Write On! interviews Author Dee Gordon
Dee says: “I’ve been writing full-length non-fiction books since selling my recruitment business (in London) in 2000. I could see a gap in the market and found I preferred having a contract before writing a book, to having to pitch a completed fiction novel and wait years for it to be published (although I have done that twice, but probably not again).
I wrote dozens of teenage picture stories in the 1960s, but having my own business meant writing went on ice until the time was right. I hail from the East End but now live in Southend, and I’m a widow with an adult autistic son who spends a lot of time with me. I have now had 19 books published, as well as articles in Best Of British, Essex Life, Yours, Take-a-Break, etc.”
WO: How would you describe your writing to someone new to it?
DG: Emphasis on the local history of Essex and London’s East End.
WO: Can you tell us a bit about your latest project (working title) Literary Essex?
DG: Mini biographies of Essex writers (over 40 of them) from the recent and distant past.
WO: What inspired you to write in the first place, and what inspires you now?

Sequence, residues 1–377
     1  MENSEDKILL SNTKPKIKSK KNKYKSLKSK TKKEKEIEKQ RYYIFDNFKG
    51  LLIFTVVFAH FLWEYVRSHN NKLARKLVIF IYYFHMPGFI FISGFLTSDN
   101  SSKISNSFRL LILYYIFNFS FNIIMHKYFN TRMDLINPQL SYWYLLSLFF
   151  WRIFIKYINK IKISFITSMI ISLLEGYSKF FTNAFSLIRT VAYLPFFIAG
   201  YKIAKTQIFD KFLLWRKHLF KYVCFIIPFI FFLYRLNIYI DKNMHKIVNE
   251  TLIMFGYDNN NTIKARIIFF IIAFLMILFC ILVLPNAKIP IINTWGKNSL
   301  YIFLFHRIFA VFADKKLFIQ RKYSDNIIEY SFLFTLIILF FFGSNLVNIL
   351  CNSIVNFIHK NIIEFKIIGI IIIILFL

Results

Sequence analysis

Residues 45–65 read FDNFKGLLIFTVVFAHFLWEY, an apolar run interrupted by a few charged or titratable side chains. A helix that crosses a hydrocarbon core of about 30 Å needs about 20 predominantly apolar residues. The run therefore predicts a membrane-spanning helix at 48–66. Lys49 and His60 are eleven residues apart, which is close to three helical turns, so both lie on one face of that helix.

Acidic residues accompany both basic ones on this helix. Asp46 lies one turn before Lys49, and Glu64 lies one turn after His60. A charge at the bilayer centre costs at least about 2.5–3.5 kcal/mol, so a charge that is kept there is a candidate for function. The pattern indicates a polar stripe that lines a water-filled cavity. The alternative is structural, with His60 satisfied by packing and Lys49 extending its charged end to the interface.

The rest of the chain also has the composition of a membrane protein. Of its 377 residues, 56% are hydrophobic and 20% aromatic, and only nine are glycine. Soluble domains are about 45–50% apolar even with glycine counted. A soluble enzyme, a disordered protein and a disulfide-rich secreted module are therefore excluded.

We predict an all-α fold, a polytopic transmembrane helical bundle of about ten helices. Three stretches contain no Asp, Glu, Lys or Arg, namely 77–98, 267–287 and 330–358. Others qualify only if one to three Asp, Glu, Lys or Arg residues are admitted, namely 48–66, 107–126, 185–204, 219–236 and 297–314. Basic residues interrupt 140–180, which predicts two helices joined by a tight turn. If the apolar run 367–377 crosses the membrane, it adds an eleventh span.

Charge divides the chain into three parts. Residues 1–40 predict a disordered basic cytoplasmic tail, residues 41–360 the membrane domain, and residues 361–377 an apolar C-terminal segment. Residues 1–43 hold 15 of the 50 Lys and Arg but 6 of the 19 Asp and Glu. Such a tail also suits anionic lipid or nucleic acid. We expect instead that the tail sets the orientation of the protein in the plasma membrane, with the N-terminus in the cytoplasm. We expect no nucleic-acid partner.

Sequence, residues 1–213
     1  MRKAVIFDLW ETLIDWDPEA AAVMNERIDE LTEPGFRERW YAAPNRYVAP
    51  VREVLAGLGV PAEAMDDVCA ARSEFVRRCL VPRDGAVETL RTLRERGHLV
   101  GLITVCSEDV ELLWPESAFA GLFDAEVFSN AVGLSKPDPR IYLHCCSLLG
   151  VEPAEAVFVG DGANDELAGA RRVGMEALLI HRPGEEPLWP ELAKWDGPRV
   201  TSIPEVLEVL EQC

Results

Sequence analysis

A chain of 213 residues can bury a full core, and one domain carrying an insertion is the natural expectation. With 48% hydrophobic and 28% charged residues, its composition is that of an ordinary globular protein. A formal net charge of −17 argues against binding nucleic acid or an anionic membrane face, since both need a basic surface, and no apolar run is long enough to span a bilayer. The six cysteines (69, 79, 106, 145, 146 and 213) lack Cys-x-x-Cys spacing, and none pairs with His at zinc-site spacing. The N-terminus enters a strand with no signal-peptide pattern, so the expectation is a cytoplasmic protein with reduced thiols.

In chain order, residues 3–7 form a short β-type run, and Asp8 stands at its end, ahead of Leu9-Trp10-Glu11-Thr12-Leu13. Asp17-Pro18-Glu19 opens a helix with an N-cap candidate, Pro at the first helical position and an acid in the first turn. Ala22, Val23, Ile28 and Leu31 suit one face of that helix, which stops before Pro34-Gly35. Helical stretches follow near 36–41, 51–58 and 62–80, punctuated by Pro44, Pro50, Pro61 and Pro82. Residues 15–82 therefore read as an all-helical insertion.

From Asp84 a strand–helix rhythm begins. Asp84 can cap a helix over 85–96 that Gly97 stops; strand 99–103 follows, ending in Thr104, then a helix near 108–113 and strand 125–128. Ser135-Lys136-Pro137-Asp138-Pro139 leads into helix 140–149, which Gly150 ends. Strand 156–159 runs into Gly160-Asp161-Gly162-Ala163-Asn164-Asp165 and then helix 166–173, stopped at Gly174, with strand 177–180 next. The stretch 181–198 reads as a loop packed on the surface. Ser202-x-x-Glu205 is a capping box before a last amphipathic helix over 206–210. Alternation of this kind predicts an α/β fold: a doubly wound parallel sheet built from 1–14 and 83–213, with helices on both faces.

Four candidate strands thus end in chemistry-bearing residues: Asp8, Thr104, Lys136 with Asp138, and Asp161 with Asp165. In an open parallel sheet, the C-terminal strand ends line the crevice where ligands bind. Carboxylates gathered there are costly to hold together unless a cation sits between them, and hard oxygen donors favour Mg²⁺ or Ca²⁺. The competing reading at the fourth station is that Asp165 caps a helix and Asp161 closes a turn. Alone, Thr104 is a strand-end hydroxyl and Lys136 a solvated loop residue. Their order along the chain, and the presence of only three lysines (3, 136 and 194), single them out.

DG: As a teenager, I wrote the kind of thing I was reading, and was inspired by the likes of Jacqueline Wilson, but nowadays my inspiration is from what is around me in Essex and in London.
WO: The recent issue of Write On! explored the theme of ‘Contradictions’. With that in mind, do you ever actively look for or specifically avoid contradictions in your writing? Is there a part of your writing process that contradicts itself yet somehow works for you?
DG: I certainly don’t look for contradictions in my writing, and the research means I’m always double-checking my facts. The process is full of contradictions in that I try to write every day, but my caring role doesn’t make this easy. I can start a project, enthused by it , and then find I’m not enjoying it, so I abandon it. If I don’t enjoy writing it, then who will enjoy reading it? I can change my mind about the style or content of a sentence, a paragraph or even a chapter during the editing process, etc.
WO: What one piece of advice would you give an aspiring writer?
DG: Keep writing, don’t give up, and try different genres to see what works for you.
WO: Question from Twitter user: @lisalovesbooksx How long does it take you to write a book?
DG: Six months research, six months writing.
WO: Can you tell us anything about future projects?
DG: I have a list of ideas and at the moment am undecided which to pitch first!
WO: Lastly, if you could choose one fictional animal/creature to be a pet or companion, who would it be and why?
DG: Er… perhaps Winnie The Pooh, cuddly and wise.
You can find out more about Dee Gordon here www.deegordon-writer.com and connect with them on Facebook. All her titles should be available to buy from Waterstones, Amazon, other Essex and East London bookshops, and possibly even your local supermarket!
Issue 16 of Write On! is out now. Find it in libraries and other outlets. You can also find the digital issue here.
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Keep writing, don’t give up, and try different genres to see what works for you.